By Jordain Carney
The Working Press
SPJ members are expected to debate two resolutions at Tuesday’s closing business session on whether to reinstate a lifetime achievement award named after veteran White House correspondent Helen Thomas.
After the debate, delegates are expected to vote on the resolutions.
The award was retired in January after Thomas said Zionists were running the White House and Congress.
[caption id="attachment_1268" align="alignleft" width="300" caption="Helen Thomas poses with President Barack Obama on their birthday, Aug. 4, in 2009. Photo courtesy of Michelle Cohen."][/caption]Both resolutions call for the Helen Thomas Lifetime Achievement Award to be reinstated. One resolution contends that SPJ’s decision politicized the organization’s awards. The other says SPJ shouldn’t have penalized Thomas for her speech.
“We have heard a multiplicity of opinions about the topic, and we expect a full discussion at Tuesday’s business session,” said Hagit Limor, SPJ’s outgoing president.
Thomas, 91, said she didn’t know anything about either resolution, except what she heard from her friend Christine Tatum, a former SPJ president. Tatum has been a vocal critic of the board’s decision.
“They retired the award, because they don’t like my views on Israel,” Thomas, who is of Lebanese descent, said in a telephone interview. “I am shocked that the organization would deny me my First Amendment rights.”
SPJ’s board of directors voted 14-7 in January to retire the award after Thomas’ speech last December at her alma mater, Wayne State University in Detroit.
A media firestorm erupted around Thomas after a video was released showing the veteran journalist saying Jews should leave Israel and “go home.” The approximately one-minute segment came from a longer video interview conducted as Thomas left the White House.
Thomas later issued a public apology, saying she regretted the comments. She also resigned from her job as a columnist for Hearst Newspapers. She currently is a columnist for the Falls Church (Va.) News-Press.
At the time, the Executive Committee discussed Thomas’ comments and whether to retire the award. But the committee decided to treat it as a one-time slip-up and left the award intact, Limor said.
Limor said it was Thomas’ December speech that repeated and expanded upon her initial comments that caused some on the board to change their minds and led to January’s vote.
Peter Sussman, president of the North California professional chapter and author of one of the resolutions, said the issue goes to the core of whether SPJ stands for what it believes in — freedom of expression.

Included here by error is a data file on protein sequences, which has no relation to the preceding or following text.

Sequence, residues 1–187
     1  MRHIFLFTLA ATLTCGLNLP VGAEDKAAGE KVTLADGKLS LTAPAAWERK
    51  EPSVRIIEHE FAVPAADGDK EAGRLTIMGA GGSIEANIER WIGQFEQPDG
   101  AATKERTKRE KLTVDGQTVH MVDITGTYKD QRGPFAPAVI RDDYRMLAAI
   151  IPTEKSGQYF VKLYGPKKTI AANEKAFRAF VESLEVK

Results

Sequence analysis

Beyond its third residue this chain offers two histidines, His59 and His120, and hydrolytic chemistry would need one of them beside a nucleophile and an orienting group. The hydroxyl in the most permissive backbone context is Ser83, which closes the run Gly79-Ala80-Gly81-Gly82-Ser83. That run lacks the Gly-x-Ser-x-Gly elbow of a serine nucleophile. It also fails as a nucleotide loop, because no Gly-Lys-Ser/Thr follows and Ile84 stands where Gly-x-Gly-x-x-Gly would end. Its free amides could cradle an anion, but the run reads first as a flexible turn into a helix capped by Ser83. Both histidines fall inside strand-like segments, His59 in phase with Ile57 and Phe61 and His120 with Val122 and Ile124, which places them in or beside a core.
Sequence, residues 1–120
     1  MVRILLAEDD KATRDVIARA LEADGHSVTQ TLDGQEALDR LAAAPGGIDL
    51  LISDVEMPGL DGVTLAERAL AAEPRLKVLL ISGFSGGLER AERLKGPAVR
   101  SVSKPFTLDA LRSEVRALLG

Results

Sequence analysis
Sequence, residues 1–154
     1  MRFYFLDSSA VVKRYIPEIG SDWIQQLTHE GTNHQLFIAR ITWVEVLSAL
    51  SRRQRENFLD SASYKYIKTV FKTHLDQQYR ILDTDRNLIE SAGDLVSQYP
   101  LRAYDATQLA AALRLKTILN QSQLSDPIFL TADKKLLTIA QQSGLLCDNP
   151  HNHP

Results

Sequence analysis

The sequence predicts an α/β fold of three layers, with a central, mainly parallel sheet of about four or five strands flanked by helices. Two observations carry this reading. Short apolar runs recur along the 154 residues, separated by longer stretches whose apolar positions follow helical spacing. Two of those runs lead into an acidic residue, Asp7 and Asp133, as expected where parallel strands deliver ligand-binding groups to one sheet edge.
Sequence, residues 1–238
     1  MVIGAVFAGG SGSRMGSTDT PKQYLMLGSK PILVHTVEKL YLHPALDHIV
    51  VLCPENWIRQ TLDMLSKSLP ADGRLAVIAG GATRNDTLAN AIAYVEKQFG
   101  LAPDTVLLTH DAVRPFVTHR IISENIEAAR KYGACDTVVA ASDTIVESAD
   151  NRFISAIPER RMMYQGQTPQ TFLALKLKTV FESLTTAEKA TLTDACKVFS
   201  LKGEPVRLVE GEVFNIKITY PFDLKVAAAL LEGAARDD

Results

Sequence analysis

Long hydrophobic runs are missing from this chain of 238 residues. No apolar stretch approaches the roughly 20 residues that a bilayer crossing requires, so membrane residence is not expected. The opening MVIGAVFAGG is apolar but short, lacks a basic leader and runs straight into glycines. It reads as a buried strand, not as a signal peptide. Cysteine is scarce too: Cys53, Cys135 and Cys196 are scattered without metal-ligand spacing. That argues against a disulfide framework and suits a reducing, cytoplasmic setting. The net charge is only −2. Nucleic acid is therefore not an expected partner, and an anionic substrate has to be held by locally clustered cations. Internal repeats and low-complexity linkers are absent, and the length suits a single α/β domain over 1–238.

“I think SPJ sullied itself in the process. Nothing about the award can ever be the same,” he said. “They essentially politicized it and all the awards.”
“It was a compromise between those who wanted to remove Ms. Thomas’ name and those who wanted to keep it,” Limor said. “The compromise maintained the award given Ms. Thomas and all who received it subsequently but retired the award moving forward.”
Limor said the decision was an “opportunity for the society to move forward to the many other topics that unite us.”
The January meeting was the second time the Executive Committee had considered whether to retire the award.
Thomas’ comments also attracted attention from outside the journalism industry.
The Anti-Defamation League called on journalism schools and professional organizations, including SPJ, in December to “rescind their honors after she clearly, unequivocally revealed herself as a vulgar anti-Semite in remarks to an Arab American group.”
But Sussman accused SPJ of caving in to a lobbying organization “that’s oversensitized to overreact to anything they view as suspicious.”
News organizations, including Columbia Journalism Review, Editor & Publisher and NBC News, reported on SPJ’s decision.
Thomas said she found out about SPJ’s deliberations about the award when two reporters called her for comment.
In the interview, she said she didn’t know if the award would have the same prestige if it were reinstated.
“That’s the organization’s problem,” Thomas said. “I don’t belong to the organization and would never belong to an organization that didn’t believe in the First Amendment.”
Sussman said a decision against reinstating the award “would certainly call into question every comment we make on an award, an award winner or freedom of expression.”
Thomas said reinstating the honor would only prove that SPJ believes in the First Amendment.
“I don’t care about the award. I know who I am,” Thomas said.